The New CEO/Median Employee Compensation Ratio Disclosure Requirement
September 18, 2013, by a vote of 3 to 2 the SEC proposed a rule requiring public companies to calculate and disclose the ratio of its CEO compensation to its median employee’s compensation.
Section 953(b) of the 2010 Dodd-Frank Wall Street Reform and Consumer Protection Act (the Dodd-Frank Act), directed the SEC to amend Regulation S-K Item 402 (S-K 402) to require public companies to disclose (a) the median of the annual total compensation of all employees of the Company (excluding the CEO), (b) the annual total compensation of the CEO, and (c) the ratio of these two amounts. The SEC issued this proposed rule pursuant to the mandate of Section 953(b). Some questions and answers to common questions about the proposed rule follow.
Who is the Median Employee?
The proposed rule allows flexibility in determining the median employee. The methodology used to determine the median employee may differ company to company. The selection of a methodology would be based on a company’s circumstances, including the size and structure of the company and the way it compensates employees.
For example, a company could identify the median employee based on total compensation using either its full population or a statistical sample of that population. Additionally, a company could identify the median of its population using either annual total compensation as determined under the SEC’s existing executive compensation rules, or any consistently applied compensation measure (e.g., based on compensation amounts reported in payroll or tax records).
What is Total Compensation?
Once the median employee has been identified, that median employee’s annual total compensation should be calculated under the acceptable methodology the company adopts. This could be the existing executive compensation rules (i.e., S-K 402(c)(2)(x)), and reflect compensation for the last completed fiscal year. The Rule would allow companies to use reasonable estimates in their determination of the annual total compensation of the median employee.
Which Employees are Covered by the Proposed Rule?
Under the Rule, companies should include all employees of a company, including full-time, part-time, temporary, seasonal, and non-US employees of the company or any of its subsidiaries as of the last day of the last completed fiscal year. Independent contractors and other temporary workers who are employed legally by a third party should not be included in the calculation.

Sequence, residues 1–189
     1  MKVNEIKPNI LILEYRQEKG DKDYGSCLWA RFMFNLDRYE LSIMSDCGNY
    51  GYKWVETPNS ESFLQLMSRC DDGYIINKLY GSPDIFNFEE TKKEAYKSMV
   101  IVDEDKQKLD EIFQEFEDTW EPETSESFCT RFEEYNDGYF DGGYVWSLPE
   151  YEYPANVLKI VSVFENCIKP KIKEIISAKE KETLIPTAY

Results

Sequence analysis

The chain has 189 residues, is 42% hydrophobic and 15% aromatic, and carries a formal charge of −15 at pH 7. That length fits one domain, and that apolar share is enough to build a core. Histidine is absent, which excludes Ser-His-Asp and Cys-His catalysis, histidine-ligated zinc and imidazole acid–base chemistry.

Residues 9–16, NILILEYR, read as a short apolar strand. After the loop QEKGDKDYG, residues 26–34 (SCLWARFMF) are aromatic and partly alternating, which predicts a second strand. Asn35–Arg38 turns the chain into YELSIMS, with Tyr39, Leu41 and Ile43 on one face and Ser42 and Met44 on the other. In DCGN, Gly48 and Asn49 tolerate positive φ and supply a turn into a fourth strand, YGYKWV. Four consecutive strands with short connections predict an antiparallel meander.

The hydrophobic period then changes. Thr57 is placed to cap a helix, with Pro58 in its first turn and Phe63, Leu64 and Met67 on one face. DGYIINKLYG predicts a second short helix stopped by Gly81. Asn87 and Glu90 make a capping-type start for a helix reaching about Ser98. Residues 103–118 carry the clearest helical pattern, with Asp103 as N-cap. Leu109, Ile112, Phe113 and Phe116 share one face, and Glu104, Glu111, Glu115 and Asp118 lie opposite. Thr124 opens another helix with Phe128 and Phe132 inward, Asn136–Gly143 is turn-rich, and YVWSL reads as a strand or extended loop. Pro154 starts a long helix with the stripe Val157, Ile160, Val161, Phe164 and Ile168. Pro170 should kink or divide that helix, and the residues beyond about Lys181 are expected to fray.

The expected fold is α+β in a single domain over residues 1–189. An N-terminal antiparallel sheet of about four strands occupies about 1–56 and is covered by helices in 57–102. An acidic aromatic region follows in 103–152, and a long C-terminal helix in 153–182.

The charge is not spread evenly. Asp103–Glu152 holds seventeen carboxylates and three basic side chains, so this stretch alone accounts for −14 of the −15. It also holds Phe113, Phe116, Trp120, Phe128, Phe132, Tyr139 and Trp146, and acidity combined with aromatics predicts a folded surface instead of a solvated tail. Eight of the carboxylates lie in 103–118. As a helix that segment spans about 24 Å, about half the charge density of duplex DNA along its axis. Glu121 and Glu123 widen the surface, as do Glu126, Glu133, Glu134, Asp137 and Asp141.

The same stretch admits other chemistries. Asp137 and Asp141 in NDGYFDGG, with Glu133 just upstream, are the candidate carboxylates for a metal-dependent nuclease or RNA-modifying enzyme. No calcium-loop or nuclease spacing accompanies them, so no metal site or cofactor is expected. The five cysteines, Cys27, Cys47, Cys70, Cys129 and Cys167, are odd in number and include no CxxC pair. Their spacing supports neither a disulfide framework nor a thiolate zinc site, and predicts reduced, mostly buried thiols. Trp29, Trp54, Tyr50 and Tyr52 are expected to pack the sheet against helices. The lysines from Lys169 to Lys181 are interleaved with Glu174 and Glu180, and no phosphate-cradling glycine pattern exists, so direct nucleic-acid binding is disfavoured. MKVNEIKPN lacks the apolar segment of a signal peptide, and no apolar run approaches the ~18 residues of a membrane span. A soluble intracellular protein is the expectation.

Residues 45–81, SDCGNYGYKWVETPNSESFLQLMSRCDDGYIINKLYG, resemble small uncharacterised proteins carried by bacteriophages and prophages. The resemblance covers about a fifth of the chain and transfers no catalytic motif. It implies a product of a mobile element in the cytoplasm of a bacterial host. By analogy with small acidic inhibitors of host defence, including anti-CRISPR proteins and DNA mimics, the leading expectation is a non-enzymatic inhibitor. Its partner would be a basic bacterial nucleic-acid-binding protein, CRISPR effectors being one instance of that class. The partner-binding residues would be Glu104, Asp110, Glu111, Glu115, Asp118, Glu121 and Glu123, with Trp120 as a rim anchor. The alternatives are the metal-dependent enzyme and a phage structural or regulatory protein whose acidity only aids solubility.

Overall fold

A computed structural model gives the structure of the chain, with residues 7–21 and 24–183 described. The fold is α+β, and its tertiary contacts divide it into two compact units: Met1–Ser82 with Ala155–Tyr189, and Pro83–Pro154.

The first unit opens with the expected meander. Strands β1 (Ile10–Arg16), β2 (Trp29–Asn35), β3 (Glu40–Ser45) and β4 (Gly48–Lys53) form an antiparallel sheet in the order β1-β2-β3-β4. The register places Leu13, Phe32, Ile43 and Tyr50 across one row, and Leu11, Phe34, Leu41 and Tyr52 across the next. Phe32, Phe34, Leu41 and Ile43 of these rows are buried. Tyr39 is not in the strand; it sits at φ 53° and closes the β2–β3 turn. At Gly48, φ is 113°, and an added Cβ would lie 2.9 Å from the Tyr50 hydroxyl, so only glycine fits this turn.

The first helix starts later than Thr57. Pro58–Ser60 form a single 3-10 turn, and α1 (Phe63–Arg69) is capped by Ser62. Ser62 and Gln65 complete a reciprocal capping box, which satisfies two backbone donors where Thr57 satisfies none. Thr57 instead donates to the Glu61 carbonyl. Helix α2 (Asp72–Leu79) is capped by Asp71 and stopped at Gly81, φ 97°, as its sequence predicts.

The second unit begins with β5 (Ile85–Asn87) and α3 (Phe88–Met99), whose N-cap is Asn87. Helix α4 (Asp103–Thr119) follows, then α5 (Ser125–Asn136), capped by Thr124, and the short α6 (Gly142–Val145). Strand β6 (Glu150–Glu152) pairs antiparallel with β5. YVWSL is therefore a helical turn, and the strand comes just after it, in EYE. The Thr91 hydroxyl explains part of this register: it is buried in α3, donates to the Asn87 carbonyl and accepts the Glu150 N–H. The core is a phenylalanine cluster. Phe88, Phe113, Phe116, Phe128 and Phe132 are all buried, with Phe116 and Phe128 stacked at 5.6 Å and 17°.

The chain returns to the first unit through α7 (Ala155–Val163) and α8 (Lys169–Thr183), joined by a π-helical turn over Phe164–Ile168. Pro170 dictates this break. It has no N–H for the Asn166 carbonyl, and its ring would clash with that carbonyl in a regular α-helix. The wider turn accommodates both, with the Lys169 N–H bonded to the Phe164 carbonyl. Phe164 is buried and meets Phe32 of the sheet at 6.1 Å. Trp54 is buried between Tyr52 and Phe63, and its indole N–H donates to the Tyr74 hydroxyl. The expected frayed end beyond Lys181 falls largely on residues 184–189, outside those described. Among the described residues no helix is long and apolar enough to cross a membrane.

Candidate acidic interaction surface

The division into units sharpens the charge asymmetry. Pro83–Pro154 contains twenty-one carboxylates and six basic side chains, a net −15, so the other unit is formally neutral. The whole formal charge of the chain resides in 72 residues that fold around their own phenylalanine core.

Companies may, but are not required to, annualize the total compensation for permanent employees who were employed at the end of the fiscal year but who did not work a full year, such as new hires. However, companies may not include certain other adjustments including full-time equivalent adjustments for part-time workers, annualizing adjustments for seasonal or temporary employees, or cost of living adjustments for non-US employees.
What Else Must be Disclosed?
Under the proposed rule, companies must disclose the methodology used to determine the median employee and total compensation, including any material assumptions, adjustments or estimates used. If a company elects to identify the median employee based on a consistently applied compensation measure other than the SEC of total compensation definition, the proposed rule would require disclosure of the measure used. Companies may, but are not required to, supplement the required disclosure with a narrative discussion and/or additional ratios.
Who Must Comply?
The proposed pay ratio disclosure requirements do not apply to emerging growth companies, smaller reporting companies or foreign private issuers. They would apply to all other issuers filing any registration statement, annual report, proxy or information statement under either the Securities Act of 1933 or the Securities Exchange Act of 1934 that requires executive compensation disclosures pursuant to Regulation S-K 402.
When is Compliance Required?
A company must provide the new pay ratio disclosures with respect to compensation for its first fiscal year commencing on or after the effective date of the final rule. Companies may voluntarily begin complying with the new rule earlier than the required compliance date. Companies entering the Exchange Act reporting system after effective date of this rule must comply with these compensation disclosure requirements for the first fiscal year commencing on or after the date the company becomes subject to the reporting requirements.
When Will the Rule Become Effective?
The SEC has requested public comment on the proposed rule within 60 days after its publication in the Federal Register. Depending on the comments received, the SEC may request additional comment or proceed to promulgate a final rule.